Today, Department of Human Services (DHS) Secretary Dr. Val Arkoosh, along with leaders from multiple state agencies and suicide prevention advocacy groups, joined together to recognize September as Suicide Prevention Awareness Month. Although mental health and suicide prevention are important to address year-round, this month provides a dedicated time for people, organizations, and communities to join their voices and share that there is hope, help is available, and healing is possible.
“We are here today to remember the lives lost to suicide, acknowledge the millions of people who have struggled with suicidal ideation, and support the individuals, families, and communities that have been impacted,” said Secretary Arkoosh. “Together, we can prevent suicide. By starting the conversation, providing resources, and directing help to those who need it, we can save lives. If you or someone you know is struggling or in crisis, help is available. You are not alone.”
Suicide is a leading cause of death in the United States. In 2021, the most recent year that data is available, suicide was the cause of more than 48,000 deaths in the United States, including over 1,800 Pennsylvanians. According to the CDC in 2021, an estimated 12.3 million adults seriously thought about suicide, 3.5 million made a plan, and 1.7 million survived a suicide attempt. Provisional 2022 data show that deaths by suicide increased by 2.6% between 2021-2022.
The Shapiro Administration is committed to preventing death by suicide by investing in mental health supports for Pennsylvanians. The 2023-2024 bipartisan budget that Governor Shapiro signed includes $20 million to increase base funding for counties to provide critical mental health services and address deepening workforce shortages.
“Most people have been affected by the death of a friend or loved one by suicide - it touches all of us,” said Dr. Debra Bogen, Pennsylvania Acting Secretary of Health. “Don’t be afraid to talk with your loved ones openly about suicide and to offer support and help. Talking about suicide does not increase thoughts of suicide or cause people to act on their thoughts. Acknowledging and talking about suicide lets people know you care.”
“Events like this one today are important for reaching people in crisis and their loved ones with key messages of hope, optimism, and a way forward for a bright future,” said Maj. Gen. Mark Schindler, Pennsylvania’s adjutant general and head of the Department of Military and Veterans Affairs. “Together, we have the power to raise awareness, share valuable information, and ultimately, save lives.”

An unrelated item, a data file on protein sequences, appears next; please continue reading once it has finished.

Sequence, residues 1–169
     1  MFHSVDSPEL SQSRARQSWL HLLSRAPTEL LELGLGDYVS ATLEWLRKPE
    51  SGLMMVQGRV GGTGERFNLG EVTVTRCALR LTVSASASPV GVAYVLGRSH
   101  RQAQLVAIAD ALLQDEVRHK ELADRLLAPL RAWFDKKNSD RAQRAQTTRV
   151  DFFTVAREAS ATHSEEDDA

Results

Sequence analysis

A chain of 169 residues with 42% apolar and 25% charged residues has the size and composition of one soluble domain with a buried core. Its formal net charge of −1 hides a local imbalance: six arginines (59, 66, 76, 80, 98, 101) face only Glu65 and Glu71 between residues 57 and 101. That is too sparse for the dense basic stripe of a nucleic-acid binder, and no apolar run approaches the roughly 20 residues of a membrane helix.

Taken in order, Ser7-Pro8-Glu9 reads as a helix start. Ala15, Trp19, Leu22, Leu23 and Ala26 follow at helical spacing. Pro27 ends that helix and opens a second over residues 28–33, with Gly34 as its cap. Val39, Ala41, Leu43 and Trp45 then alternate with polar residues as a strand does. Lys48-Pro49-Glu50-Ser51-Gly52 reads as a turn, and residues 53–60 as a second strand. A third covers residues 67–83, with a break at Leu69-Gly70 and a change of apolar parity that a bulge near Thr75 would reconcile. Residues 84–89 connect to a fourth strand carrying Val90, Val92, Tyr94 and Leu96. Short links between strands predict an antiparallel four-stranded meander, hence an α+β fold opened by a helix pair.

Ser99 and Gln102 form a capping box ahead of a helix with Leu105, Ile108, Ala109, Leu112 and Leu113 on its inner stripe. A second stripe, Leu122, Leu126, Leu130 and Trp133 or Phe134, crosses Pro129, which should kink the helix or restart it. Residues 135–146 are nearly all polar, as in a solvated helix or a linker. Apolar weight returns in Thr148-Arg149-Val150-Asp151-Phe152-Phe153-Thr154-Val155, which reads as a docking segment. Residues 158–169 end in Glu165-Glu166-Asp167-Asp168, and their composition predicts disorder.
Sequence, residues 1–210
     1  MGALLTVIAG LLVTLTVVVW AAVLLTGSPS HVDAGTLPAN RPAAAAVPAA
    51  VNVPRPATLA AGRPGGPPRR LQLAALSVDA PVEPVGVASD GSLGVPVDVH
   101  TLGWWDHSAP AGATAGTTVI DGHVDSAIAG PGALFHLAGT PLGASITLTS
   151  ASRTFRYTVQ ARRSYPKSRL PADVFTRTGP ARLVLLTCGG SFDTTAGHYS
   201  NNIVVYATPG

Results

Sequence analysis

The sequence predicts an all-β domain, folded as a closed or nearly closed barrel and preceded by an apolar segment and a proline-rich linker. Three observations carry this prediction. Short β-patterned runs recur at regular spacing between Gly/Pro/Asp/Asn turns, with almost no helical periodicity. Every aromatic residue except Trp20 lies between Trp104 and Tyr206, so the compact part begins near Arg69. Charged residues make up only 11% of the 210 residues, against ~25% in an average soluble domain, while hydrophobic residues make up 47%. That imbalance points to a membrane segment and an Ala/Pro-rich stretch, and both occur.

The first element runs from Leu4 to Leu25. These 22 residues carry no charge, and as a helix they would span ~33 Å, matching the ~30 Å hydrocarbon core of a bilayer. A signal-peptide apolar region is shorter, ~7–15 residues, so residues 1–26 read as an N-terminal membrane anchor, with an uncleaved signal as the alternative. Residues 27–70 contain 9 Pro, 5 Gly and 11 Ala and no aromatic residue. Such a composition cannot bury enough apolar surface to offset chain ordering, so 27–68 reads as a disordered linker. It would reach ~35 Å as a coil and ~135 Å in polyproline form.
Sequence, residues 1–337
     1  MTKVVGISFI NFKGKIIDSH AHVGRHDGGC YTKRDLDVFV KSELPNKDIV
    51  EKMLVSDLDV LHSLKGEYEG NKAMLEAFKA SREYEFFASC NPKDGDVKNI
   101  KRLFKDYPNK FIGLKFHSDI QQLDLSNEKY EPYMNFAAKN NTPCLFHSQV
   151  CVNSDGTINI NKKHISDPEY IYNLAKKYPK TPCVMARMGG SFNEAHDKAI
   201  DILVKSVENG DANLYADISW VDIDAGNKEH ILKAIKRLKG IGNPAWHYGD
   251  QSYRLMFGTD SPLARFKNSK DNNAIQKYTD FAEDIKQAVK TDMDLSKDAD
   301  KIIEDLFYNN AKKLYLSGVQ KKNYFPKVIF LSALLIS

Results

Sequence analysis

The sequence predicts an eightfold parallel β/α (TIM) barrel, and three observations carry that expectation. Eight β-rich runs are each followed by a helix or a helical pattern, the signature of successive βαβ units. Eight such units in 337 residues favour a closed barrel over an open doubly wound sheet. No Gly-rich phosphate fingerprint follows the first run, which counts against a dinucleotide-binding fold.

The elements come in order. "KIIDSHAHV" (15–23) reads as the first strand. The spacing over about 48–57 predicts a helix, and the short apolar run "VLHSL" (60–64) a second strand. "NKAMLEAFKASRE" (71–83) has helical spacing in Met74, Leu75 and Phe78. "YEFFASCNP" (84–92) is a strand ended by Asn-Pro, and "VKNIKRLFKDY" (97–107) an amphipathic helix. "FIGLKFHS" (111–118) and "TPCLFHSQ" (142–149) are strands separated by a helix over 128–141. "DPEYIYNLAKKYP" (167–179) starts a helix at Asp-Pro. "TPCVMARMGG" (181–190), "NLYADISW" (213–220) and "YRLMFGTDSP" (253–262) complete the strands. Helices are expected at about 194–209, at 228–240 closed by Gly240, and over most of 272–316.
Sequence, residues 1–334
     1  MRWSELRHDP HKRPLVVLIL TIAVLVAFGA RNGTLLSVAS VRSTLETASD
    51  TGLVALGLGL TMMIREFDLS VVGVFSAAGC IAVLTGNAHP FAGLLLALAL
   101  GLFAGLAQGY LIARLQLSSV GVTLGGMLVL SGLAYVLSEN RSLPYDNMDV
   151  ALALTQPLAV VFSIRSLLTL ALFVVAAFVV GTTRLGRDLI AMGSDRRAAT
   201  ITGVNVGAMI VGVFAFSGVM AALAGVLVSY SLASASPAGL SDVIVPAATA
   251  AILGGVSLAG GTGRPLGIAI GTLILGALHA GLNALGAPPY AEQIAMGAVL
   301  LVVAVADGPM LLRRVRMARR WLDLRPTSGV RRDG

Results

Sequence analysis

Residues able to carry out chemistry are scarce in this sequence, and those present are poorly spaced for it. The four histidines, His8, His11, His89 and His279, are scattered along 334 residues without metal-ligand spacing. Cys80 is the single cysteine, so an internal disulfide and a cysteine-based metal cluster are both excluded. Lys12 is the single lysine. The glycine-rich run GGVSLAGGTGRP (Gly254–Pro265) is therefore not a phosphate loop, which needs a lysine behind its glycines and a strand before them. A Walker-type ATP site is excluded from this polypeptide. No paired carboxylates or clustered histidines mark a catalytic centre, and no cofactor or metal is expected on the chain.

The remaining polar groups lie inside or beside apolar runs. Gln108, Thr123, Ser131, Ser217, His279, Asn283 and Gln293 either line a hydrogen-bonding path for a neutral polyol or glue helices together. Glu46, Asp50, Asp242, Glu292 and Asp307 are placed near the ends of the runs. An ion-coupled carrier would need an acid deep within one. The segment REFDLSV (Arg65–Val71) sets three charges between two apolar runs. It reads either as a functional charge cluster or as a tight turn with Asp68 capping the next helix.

“One of the myths about suicide is that it is a mental health issue only impacting younger populations. Untreated depression and other psychiatric illnesses are often significant underlying causes for older adults to take their own lives, particularly in men 65 and older,” said Secretary of Aging Jason Kavulich. “Good mental health is crucial to an older adult’s overall wellbeing, and we need to eliminate any stigma that would discourage older adults from seeking assistance. If an older adult is experiencing social isolation, loneliness, or depression, we encourage them to reach out to their local Area Agency on Aging, call 988, or speak with a friend or loved one to get connected to the help they need.”
“Affordable access to mental health and substance use disorder care is essential in the fight to prevent suicides, and under Governor Shapiro’s leadership, the Insurance Department has prioritized ensuring that insurance companies cover mental health and substance use disorder benefits in parity with physical benefits,” said Pennsylvania Insurance Commissioner Michael Humphreys. “No one should ever forgo mental health or substance use disorder treatment due to fear of how much such assistance will cost.”
Last year, the 988 Suicide and Crisis Lifeline officially launched nationwide, streamlining call and text access to the national lifeline that provides no-cost crisis response support 24 hours a day, 365 days a year. Pennsylvania’s 12 lifeline call centers provide support for individuals considering suicide or self-harm, those experiencing a mental health crisis or emotional distress, and for people looking for help for a loved one. Callers to 988 can also connect with the Veterans Crisis Line or assistance in Spanish. Help is available via call, text or chat.
In addition to 988, many other resources are available to Pennsylvanians in need of support, including:
To learn more about mental health and crisis supports in Pennsylvania, visit www.dhs.pa.gov/Services/Mental-Health-In-PA.